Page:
Addressing rising airfares, Aloha's closure
By Mark Dunkerley, president and CEO of Hawaiian Airlines
Each week Editorial and Opinion Editor Jeanne Mariani-Belding hosts The Hot Seat, our opinion-page blog that brings in elected leaders and people in the news and lets you ask the questions during a live online chat.
On The Hot Seat last week was Mark Dunkerley, president and CEO of Hawaiian Airlines.
Here is an excerpt from that Hot Seat session.
Jason: What's your take on the airline industry in terms of the next year or so, can we expect to see ticket prices continue to rise? Will there be more reductions in routes going to Hawai'i?
Mark Dunkerley: The key question is where will the price of fuel go? We've seen it almost double in the last year, and it's clear that industrywide, not just here in Hawai'i, fares will have to rise to cover the cost of fuel. All of this suggests that if the current trend in fuel prices continues, fares will likely continue to rise, and if that causes fewer people to travel, flight schedules will continue to be reduced.
Tina: I think it's wonderful that Hawaiian Air was able to hire many of the employees from Aloha Air. Do you think Hawai'i will ever be able to maintain three local airlines? Or is there just room for two?
Dunkerley: The key issue is not the number of airlines, but actually the number of seats in the market. When Mesa entered the market, the problem was too many seats. So, the question of how many airlines can be maintained in Hawai'i is a function of how many seats each one flies.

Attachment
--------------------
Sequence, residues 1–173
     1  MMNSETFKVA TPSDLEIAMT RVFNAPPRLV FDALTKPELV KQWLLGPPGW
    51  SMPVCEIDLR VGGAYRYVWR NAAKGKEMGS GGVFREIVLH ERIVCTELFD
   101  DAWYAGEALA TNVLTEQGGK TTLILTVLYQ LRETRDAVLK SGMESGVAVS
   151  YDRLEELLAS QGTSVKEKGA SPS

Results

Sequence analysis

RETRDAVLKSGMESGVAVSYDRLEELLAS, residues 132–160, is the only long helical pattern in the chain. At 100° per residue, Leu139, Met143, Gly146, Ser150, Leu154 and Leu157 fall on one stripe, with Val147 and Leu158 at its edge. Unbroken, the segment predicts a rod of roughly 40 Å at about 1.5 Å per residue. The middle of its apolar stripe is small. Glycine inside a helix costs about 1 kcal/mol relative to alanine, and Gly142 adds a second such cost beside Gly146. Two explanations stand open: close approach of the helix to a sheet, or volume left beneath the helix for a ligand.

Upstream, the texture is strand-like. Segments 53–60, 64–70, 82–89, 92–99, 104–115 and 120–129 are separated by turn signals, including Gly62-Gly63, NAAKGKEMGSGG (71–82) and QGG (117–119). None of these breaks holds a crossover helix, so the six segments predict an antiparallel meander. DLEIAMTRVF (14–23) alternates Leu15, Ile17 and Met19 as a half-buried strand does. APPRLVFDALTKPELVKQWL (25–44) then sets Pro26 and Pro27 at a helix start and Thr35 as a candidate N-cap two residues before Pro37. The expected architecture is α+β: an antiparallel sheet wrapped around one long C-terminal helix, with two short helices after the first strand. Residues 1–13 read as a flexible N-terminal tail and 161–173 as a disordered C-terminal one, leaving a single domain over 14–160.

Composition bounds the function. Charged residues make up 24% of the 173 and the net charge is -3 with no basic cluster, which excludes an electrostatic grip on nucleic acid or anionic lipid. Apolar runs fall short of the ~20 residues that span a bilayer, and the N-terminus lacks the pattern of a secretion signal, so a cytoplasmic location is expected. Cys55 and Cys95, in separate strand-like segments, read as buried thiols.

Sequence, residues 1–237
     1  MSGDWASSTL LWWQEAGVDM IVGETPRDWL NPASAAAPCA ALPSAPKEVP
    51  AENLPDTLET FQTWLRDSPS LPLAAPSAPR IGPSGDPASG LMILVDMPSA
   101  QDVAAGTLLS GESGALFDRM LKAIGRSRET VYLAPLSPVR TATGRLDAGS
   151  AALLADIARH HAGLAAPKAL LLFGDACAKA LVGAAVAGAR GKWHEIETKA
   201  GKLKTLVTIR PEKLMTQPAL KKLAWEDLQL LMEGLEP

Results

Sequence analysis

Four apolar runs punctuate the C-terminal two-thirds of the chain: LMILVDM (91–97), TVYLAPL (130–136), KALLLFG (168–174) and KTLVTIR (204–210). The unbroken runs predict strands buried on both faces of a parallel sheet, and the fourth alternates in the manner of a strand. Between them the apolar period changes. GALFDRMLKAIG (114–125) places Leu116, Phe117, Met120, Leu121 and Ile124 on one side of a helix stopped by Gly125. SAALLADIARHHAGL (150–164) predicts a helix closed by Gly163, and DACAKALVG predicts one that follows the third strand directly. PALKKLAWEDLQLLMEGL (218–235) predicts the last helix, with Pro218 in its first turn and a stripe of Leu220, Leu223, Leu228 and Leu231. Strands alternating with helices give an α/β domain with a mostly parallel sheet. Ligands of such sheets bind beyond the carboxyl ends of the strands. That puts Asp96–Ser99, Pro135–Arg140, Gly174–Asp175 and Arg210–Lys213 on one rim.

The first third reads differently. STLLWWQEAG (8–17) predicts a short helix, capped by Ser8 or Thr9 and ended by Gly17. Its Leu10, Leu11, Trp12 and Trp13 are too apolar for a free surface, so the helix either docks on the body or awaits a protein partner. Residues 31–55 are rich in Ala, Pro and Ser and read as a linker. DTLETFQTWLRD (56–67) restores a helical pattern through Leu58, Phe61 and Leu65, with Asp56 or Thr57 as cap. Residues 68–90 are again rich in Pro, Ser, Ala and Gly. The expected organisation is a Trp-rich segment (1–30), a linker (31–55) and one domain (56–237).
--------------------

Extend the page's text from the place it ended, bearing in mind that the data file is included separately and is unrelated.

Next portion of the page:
Prescott: Has Hawaiian Airlines learned from the mistakes of Aloha Airlines and ATA so that it doesn't end up in the same situation and disrupting the lives of a lot of folks?
Dunkerley: The airline business is a desperately competitive business and we work very hard to make sure that we walk the thin line between growing our business, which is required for long-term success, while not exposing ourselves to too much risk in the short term. I'm confident that Hawaiian's board and management team, backed by the industry's best employees, are equal to this task.
Julie A.: Why did Aloha go under so quickly? Did Hawaiian get an unfair advantage because the state stepped in to help when it was struggling, and should the same have been done for Aloha?
Dunkerley: As is the case with many failures, there were multiple reasons for why Aloha failed, some recent and some stretching back for many years. I can't speak to Hawaiian's situation 15 years ago, long before I joined Hawaiian, but it is my understanding that Hawaiian never used the loan guarantee. But I can say that the only safeguard against bankruptcy and failure is to consistently take in more revenue than you pay out in expenses. Short-term help from any source doesn't change this fundamental truth.
Luis Diego: Can you give us a breakdown of the increase in jet fuel over the past six months or any figure which could illustrate the severity of the impact of the price of oil on the operation of an airline?